1 Peter 5:6-7 New American Standard Bible (NASB) 6 Therefore humble yourselves under the mighty hand of God, that He may exalt you at the proper time, 7 casting all your anxiety on Him, because He cares for you.
The letter 1 Peter was written by the apostle Simon Peter, from Rome in the late A.D. 50s or possibly early 60s to Christians in Asia Minor who were under severe persecution (Douglas, 2011, p.1111). Peter was assuring those under persecution to conduct themselves in a righteous manner and to focus on the reward they’ll have from God in the next life (Douglas, 2011, p.1111). 1 Peter chapter 5 is in relation to how to conduct oneself while suffering (Douglas, 2011, p.1111). 1 Peter 5:1-4 is a message to the elders of the various churches in Asia Minor. In verse 5 young people are addressed, and then it’s clear that all the Christians among the churches of Asia Minor are being addressed. In 1 Peter 5:5 we learn that God gives grace to the humble. Verses 6 and 7 are in reference to God giving grace to the humble as at the beginning of verse 6 is the word “therefore” which points back to verse 5. Christians in Asia Minor are told in verse 5 to be humble toward one another. In verse 6, they are told to be humble under the mighty hand of God. This is a teaching to understand that God is in charge and is still sovereign even during times of persecution. Peter instructs the persecuted Christians to cast their anxiety, their fear and apprehension onto God. Peter encourages them saying that God cares for them and will give them their reward in due time. Grace is the mechanism within the idea of remaining humble, and later being exalted. The primary teaching is on humbleness in persecution, the sovereignty of God, and praying over anxieties.
Christians in the United States today are becoming increasingly disheartened and discouraged with the evil and sin around them. But Christians ought to remain humble and understand that God is sovereign in all things. The persecution will grow in the United States, as the secular world casts aside Christian truth in favor of pluralism and sin. God has not fallen off the throne, he was sovereign yesterday, he remains sovereign today, and will be sovereign for all days ahead. Consider how the Christians dispersed throughout Asia Minor were persecuted and killed during the earliest days of Christianity. Peter instructed them to remain humble, and to remain aware under times of trouble and growing persecution. They were losing heart too! They were becoming discouraged, and as a result beginning to give up because they had no redress. What redress do we have in this country? Christianity is openly mocked in the public square. God has no place in public schools. Christians are mocked in the mainstream media, and called intolerant and hateful toward homosexuals. In the scientific community Christianity is openly scorned, and the idea of God raises choruses of laughter. I strongly doubt anyone will hear our redresses on these concerns either. Never-the-less, God remains sovereign. But God does not simply sit back on his throne watching idly. God cares. Let me tell you now, he truly cares. So when these mounting concerns have you filled with anxiety, I want you to go to God in prayer. Tell him about what you’re upset with, and why you’re upset, and I want you to turn those anxieties over to our God. Because he does care. He does listen. He can carry those things, when we can’t. We can be fully assured in prayer that God cares, and we can release our anxieties knowing for certain that God is sovereign over all that happens in our country. Our reward, our exaltation awaits us in the next left, where we will have happiness, honor, and dignity as the children of God himself!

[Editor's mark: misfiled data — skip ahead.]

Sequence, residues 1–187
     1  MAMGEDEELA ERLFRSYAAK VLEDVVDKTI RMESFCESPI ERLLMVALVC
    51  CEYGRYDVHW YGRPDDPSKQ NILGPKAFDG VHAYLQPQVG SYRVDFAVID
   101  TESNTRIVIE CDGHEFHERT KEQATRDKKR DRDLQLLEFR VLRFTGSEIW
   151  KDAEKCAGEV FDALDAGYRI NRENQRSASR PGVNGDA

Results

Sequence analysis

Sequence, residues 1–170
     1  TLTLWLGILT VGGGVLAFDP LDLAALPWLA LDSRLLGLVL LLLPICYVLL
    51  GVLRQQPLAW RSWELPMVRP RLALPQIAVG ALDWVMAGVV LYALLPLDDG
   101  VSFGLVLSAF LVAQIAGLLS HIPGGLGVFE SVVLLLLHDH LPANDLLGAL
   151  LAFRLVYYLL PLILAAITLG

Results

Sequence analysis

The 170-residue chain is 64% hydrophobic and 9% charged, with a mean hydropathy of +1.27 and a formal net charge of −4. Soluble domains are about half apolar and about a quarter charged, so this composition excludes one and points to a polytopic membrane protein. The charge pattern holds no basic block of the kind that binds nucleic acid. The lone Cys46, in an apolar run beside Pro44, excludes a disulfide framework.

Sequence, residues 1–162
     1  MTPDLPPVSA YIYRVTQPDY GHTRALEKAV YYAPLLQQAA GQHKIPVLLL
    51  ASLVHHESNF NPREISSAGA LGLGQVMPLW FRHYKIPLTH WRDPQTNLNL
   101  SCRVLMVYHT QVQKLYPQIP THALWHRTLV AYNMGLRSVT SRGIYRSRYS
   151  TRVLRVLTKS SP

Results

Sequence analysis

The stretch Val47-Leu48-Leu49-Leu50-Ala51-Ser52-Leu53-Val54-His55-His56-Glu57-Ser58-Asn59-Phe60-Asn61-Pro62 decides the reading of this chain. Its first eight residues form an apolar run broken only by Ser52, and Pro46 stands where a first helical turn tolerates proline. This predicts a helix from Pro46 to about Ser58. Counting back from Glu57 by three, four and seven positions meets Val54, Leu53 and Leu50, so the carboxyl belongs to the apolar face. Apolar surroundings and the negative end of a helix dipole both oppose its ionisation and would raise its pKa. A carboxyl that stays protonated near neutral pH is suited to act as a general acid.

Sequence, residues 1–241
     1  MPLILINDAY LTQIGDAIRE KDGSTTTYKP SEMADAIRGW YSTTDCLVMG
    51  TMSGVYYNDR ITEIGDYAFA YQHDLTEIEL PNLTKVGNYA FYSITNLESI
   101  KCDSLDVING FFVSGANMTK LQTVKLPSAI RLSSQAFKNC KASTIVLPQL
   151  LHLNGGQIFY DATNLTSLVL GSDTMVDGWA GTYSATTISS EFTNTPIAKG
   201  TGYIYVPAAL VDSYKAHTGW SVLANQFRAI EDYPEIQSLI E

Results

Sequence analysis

Douglas, J. D., Merrill C. Tenney, and MoiseÌﾁs Silva. Zondervan illustrated Bible dictionary. [Rev. ed. Grand Rapids, Mich.: Zondervan, 2011.
Rapids, Mich. The strongest NASB exhaustive concordance. NASB updated ed. Grand Rapids, Mich.: Zondervan, 2004.
The Holy Bible: New American Standard Bible.. New York: American Bible Society, 1991.